Sunday, 18 February 2018


FAYVL-YOYNE SANDLER (August 28, 1905-December 23, 1981)
            He was born in Zosle (Žasliai), Vilna district, Lithuania, into a working-class family.  Until age ten he attended religious elementary school.  In 1915, during WWI, he wandered with a multitude of homeless children across Russia, lived in children’s institutions, and studied in Jewish and Russian public schools and in labor schools.  In 1923 he came to the United States and settled in Philadelphia.  In his first years there he worked in tailoring and studied in the evening.  He graduated from a Baron Hirsch evening school, an English-language high school, and the Jewish teachers’ seminary in New York.  He studied child psychology in the New School for Social Research in New York.  Until 1941 he lived in Philadelphia where he was active in Communist institutions, was a cofounder of the leftist tailors’ union, of IKOR (Yidishe kolonizatsye organizatsye in rusland [Jewish colonization organization in Russia]), of IKUF (Jewish Cultural Association), and of the International Labor Order, and he was also a teacher in the latter’s schools and a lecturer at its labor university.  In 1941 he settled in New York.  After the murder of the Yiddish writers in Soviet Russia, he left the Communist Party and joined the Workmen’s Circle, founded and chaired the Dovid Bergelson branch of the Workmen’s Circle, and was active in YIVO and the Y. L. Perets Writers’ Association.  He worked as the Philadelphia correspondent to Morgn-frayhayt (Morning freedom) in New York (1926); he was later an internal contributor to the newspaper and published reportage pieces, children’s stories, literary essays, criticism of books, and the like.  Over the years 1941-1950, he was the news editor of the newspaper.  For many years he was in charge of the ‘Fun gezelshaftlekhn lebn” (From community life) page for the Philadelphia edition of Morgn-frayhayt.  He was the American correspondent for Shtern (Star) in Kiev and for Forpost (Outpost) in Birobidzhan.  He also contributed in New York to: Funken (Sparks), Zamlungen (Anthologies), Ikor-almanakh (IKOR almanac) (1943), Ikor (IKOR), Eynikeyt (Unity), Unzer vort (Our word, organ of the International Labor Order), Nay lebn (New life), Proletarishe dertsiung (Proletarian education), and Heym un dertsiung (Home and education), among others.  In Di yidishe velt (The Jewish world) in Philadelphia, he published a series of reportage pieces concerning Birobidzhan.  In Yidishe kultur (Jewish culture) in New York, he published monographs and original works of research on the history of Jews in America, surveys of books on Jewish and general history, children’s stories, biographies of Jewish personalities, a bibliography of the Yiddish press in Europe, and journalistic articles.  From 1956 he was writing for: Kultur un dertsiung (Culture and education), Tsukunft (Future), Kinder-tsaytung (Children’s newspaper), Kinder-zhurnal (Children’s magazine), Fraye arbeter-shtime (Free voice of labor), and Der fraynd (The friend)—in New York; and Kheshbn (The score) in Los Angeles; among others.  He was a regular contributor (and from 1961 the news editor) for Tog-morgn-zhurnal (Day-morning journal) in New York (among other items, he published here portions of a monograph about Herbert H. Lehman).  He also place work in: Haynt (Today) and Landsmanshaftn (Native-place associations) in Buenos Aires; and Dorem-afrike (South Africa) in Johannesburg; among others.  He was the author of Stalin in folks-lid (Stalin of folksong) (Warsaw: Yidish bukh, 1950), 29 pp.  Among his pen names: N. Vagner, Yoyne Shuster, Shrage Shuster, and P. Perets.  In his last years he was a contributor to the Forverts (Forward) in New York.  He died in New York.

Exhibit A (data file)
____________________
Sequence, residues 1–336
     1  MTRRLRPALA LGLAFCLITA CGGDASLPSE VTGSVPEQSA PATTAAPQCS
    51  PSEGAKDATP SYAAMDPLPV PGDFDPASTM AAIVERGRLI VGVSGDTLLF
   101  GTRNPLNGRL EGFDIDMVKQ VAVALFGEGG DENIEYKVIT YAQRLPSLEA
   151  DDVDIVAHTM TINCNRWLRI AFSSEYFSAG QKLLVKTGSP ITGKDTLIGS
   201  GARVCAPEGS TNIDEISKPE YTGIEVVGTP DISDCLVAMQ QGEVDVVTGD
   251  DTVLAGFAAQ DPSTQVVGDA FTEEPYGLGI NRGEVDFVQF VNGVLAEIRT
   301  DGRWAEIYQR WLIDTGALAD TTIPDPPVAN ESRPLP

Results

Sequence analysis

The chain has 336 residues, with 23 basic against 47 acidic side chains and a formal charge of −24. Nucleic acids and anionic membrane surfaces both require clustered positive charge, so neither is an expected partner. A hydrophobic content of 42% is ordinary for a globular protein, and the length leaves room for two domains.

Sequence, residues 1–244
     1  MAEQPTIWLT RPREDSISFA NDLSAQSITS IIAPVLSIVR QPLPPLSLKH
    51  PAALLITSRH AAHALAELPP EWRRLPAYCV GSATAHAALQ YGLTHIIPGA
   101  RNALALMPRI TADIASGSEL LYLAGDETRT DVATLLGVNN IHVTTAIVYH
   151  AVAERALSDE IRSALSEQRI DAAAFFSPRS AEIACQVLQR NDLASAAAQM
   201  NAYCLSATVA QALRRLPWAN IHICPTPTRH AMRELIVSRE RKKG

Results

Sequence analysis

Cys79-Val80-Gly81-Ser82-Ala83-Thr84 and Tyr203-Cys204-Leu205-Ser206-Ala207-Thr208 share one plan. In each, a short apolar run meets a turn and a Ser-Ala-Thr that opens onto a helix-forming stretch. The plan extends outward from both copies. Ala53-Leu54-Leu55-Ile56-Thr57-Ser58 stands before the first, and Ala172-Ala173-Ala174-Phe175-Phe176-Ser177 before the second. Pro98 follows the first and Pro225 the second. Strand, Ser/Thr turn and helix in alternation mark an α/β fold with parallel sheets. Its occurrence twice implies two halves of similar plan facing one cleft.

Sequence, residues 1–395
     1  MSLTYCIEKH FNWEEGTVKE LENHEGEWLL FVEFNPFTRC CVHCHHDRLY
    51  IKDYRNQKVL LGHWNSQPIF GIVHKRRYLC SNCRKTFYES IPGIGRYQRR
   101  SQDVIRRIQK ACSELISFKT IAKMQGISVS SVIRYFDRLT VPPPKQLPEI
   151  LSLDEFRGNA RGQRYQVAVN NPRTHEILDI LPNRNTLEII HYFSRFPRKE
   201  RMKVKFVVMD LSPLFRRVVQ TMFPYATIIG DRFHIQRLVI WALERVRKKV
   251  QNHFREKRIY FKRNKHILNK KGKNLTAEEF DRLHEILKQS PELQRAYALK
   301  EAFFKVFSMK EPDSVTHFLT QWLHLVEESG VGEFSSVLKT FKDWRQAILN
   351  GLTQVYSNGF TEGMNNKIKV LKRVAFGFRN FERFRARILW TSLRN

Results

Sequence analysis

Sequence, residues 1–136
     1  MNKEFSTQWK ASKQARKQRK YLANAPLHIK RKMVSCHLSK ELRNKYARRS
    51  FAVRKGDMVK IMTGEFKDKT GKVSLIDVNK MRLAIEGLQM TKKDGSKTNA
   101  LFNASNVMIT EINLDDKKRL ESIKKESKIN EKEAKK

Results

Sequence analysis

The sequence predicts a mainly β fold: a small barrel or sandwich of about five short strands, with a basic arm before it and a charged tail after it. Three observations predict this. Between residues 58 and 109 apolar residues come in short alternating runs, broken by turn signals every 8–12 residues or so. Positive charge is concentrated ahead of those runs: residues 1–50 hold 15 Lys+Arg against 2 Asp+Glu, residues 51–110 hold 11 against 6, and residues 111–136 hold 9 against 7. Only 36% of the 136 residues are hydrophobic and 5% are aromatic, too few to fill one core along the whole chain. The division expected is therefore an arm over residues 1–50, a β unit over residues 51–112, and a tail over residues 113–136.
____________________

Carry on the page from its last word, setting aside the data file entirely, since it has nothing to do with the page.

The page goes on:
Sources: A. Pomerants, in Proletpen (Kiev, 1933), pp. 224-25; Z. Vaynper, in Yidishe kultur (New York) (May 1955); Yedies fun yivo (New York) (April 1960); Chone Shmeruk, comp., Pirsumim yehudiim babrit-hamoatsot, 1917-1961 (Jewish publications in the Soviet Union, 1917-1961) (Jerusalem, 1961), see index; Arbeter-ring boyer un tuer (Builders and leaders of the Workmen’s Circle) (New York, 1962), pp. 262-63; B. Ts. Goldberg, in Tog (New York) (July 27, 1963).
Khayim Leyb Fuks

[Additional information from: Berl Kagan, comp., Leksikon fun yidish-shraybers (Biographical dictionary of Yiddish writers) (New York, 1986), col. 395.]

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